In his famous radio speech from October 1939, Winston Churchill, then UK First Lord of the Admiralty, observed: “I cannot forecast to you the action of Russia. It is a riddle wrapped in a mystery inside an enigma: but perhaps there is a key. That key is Russian national interest.”
This article was published in MultiLingual Computing magazine #110.
This oft-quoted remark reflected the political situation of that time, and present-day Russia is certainly a different country than Soviet Russia back then. More than 70 years later, it may no longer be such an enigma.
But as many multinational businesses have come to learn over the past 20 years, Russia continues to be a special market requiring an appropriate localized approach to succeed. In Russia, the potential rewards are high, but so are the risks. Many foreign companies have come across numerous riddles, run into many enigmas, and encountered no shortage of mysteries when operating in the attractive Russian market. But perhaps there is a key.
Russia has benefited considerably from being included in the widely-used acronym BRIC, which also encompasses Brazil, India and China, and the associated publicity that followed. Coined by chief economist for Goldman Sachs Jim O’Neill back in 2001, the prediction behind the acronym was that these four up-and-coming countries would overtake the six largest Western economies by 2041. This prediction was later updated to 2039 and now 2032. It would raise few eyebrows today, but at that time was a bold statement.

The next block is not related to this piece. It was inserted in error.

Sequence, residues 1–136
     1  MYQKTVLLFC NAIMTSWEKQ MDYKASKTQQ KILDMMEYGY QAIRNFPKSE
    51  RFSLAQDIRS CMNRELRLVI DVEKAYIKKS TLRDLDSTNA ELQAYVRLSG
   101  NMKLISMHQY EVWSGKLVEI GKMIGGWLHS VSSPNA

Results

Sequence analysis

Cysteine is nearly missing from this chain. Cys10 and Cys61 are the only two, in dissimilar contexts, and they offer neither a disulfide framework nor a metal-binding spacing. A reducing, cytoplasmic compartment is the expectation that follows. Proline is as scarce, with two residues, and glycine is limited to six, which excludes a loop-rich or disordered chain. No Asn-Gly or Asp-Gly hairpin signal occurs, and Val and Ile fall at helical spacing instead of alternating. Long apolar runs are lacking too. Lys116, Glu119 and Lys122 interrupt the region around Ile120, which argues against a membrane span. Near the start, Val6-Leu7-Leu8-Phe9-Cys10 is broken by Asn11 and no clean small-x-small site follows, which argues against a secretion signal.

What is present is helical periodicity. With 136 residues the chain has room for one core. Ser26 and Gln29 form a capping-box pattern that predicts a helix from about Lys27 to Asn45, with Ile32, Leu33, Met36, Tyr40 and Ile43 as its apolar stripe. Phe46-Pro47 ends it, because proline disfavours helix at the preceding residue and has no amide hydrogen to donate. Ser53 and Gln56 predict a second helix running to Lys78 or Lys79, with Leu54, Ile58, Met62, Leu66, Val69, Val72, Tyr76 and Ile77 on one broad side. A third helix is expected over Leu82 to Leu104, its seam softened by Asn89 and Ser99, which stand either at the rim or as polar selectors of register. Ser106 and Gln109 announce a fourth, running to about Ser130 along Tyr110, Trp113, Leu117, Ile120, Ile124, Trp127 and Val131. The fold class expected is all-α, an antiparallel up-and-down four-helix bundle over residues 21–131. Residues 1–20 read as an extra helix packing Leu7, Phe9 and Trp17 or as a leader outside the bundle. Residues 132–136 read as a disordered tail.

For some, this is just pure hype revolving around a marketing acronym that has taken on a life of its own, but it has come at the time when Western companies have increasingly woken up to the fact that the next two billion middle-class consumers — and the growth that comes with them — will be found in these emerging countries.
The facts of the case
Nevertheless, it has always been a mistake to apply the same approach to all four countries, and Russia in particular stands out. What the four BRIC countries initially had in common were underdeveloped economies with the potential for fast growth, large populations and some form of openness to the world. But the differences are large and numerous.
For one, with a shrinking population Russia faces demographic issues. While China and India boast over one billion populations and relatively fast population growth rates (some 1.41% for India and .66% for China annually), Russia’s, at some 142 million, has been shrinking by some 700,000 annually. With this being one of Russian government’s priorities, in 2009 the country recorded its first — nominal — population growth in 15 years.
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